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Thursday, September 13, 2012

Voter ID law will require state to contact tens of thousands of people after Nov. 6 vote

New Hampshire election officials may have to hunt down nearly 50,000 people in November and ask whether they really voted.

That’s one possible conclusion from Tuesday’s dry run of the state’s new voter ID law, which also produced some hard feelings, irritation and a bit of rudeness, judging from comments recorded by ballot clerks at Nashua’s Ward 2.

Roughly 7 percent of the 7,570 people who voted in Nashua on Tuesday didn’t have a photo ID or didn’t want to show it. Figures for ID-less voters varied around the region, from 2 percent in Hudson to more than 10 percent in some Souhegan Valley towns. Statewide figures were not available Wednesday.

But let’s assume the 7 percent figure holds true statewide in November – and City Clerk Paul Bergeron expects it to rise in Nashua, since the presidential race will draw lots of casual voters who won’t know about the new law.

Then consider that 700,000 people voted in New Hampshire’s last presidential election, a number that also seems likely to rise.

The conclusion? At least 49,000 people may have to fill out and sign an affidavit attesting to their identity before they can vote, which could lead to long lines at voting places, the need for more poll workers and, assuming a longer wait, some people turning away from voting entirely.

It also will lead to another job: Under state law, the attorney general’s office is supposed to contact all those people after the election to confirm their identity. That investigation won’t affect any results, since November ballot results will stand unless individually challenged, but it won’t be easy.

Judging from the comments recorded at Charlotte Avenue School on Tuesday, plenty about the new law didn’t strike some people as being easy.

The ballot clerks started keeping an unofficial record of responses after a voter got angry when asked to see a photo ID. It was the only such record made in the city, and apparently in the region.

“One voter gave them a hard time, and they decided they’d better keep track,” Bergeron said.

The record of about two dozen reactions isn’t necessarily a reflection of the public’s feelings, since only strong opinions were noted. Even so, it shows that the new law wasn’t entirely popular.

“Lots and lots of negative comments, even from people showing their license,” wrote one clerk.

“They didn’t like the idea of having to show it,” wrote another.

“Law clearly designed to keep out seniors and minorities,” a voter said, according to another comment. Another was “very outspoken, blamed Republicans for unfair, unjust law.”

Still, not everybody was negative: “Glad you’re doing it” was a comment noted at one point.

About 7 percent of the 7,570 people who voted in Nashua didn’t have an ID or didn’t want to show it Tuesday, according to the clerks’ tally.

Even without an ID, they could still vote Tuesday. In November, however, ID-less voters will have to fill out an affidavit swearing to their name and address, leading to fears of long lines, clogged polling places and perhaps some people who give up on the whole idea of voting.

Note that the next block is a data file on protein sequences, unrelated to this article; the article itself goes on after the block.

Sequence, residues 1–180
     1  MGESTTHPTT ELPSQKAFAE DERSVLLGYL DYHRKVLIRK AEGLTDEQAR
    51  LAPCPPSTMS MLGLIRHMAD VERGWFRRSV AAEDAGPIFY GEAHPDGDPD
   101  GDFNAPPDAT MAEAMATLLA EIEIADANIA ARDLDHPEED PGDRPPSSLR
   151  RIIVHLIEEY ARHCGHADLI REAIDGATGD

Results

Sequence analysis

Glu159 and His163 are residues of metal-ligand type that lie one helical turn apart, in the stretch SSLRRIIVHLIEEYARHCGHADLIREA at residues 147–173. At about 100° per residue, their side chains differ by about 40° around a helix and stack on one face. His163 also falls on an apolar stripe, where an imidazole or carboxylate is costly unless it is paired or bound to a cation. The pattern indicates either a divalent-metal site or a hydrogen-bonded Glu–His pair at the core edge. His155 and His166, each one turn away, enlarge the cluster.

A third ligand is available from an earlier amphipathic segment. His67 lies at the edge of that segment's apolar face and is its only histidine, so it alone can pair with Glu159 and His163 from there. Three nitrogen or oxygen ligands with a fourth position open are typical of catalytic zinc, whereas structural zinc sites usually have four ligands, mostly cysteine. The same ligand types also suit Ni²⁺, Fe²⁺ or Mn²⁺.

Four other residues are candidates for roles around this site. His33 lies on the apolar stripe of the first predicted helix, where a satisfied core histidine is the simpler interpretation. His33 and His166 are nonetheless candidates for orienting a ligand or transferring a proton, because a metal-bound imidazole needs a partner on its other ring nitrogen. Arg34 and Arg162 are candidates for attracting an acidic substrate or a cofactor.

A year from now, people without ID also will have to get their picture taken at the polling place.

No official complaints or objections have been filed with the state about the new law, which was approved by the state Legislature over Gov. Lynch’s veto, and has been ruled as legal by the federal Department of Justice.

“There a lot of anecdotal reports. For the most part, most people accepted the voter ID law, although more than a few voters were upset with being asked for photo ID,” said Dave Scanlan deputy secretary of state.

Scanlan, who oversees elections in New Hampshire, said he had heard “some issues where some ballot clerks were more aggressive than they should have in implementing the law.”

Voters without an ID should have been handed information about the new law and then allowed to vote Tuesday, but some clerks apparently went further.

The League of Women Voters and the liberal activities group New Hampshire Citizens Alliance for Action claimed Wednesday that voters without identification were turned away from two wards in Manchester, and that some towns, including Barrington and Newmarket, had signs incorrectly indicating that voters must have identification.

Interviews Tuesday with moderators around the region found no big problems, with the large majority of voters showing their ID and moving on. One Brookline voter planned to protest the new law outside that town’s polling place.

Nashua clerk Bergeron said one unexpected problem did crop up: Two voters took their ballot but left their ID, forcing the city to hunt them down later.

“They have this problem all the time at retail stores, but we’ve never encountered it before,” he said.

In fact, the Ward 2 comments showed more carelessness with driver’s licenses than you might expect.

“Left it in the car” and “left wallet at home” were among the reasons given by ID-less voters.

David Brooks can be reached at 594-6531 or dbrooks@nashua Follow Brooks’ blog on Twitter (@GraniteGeek).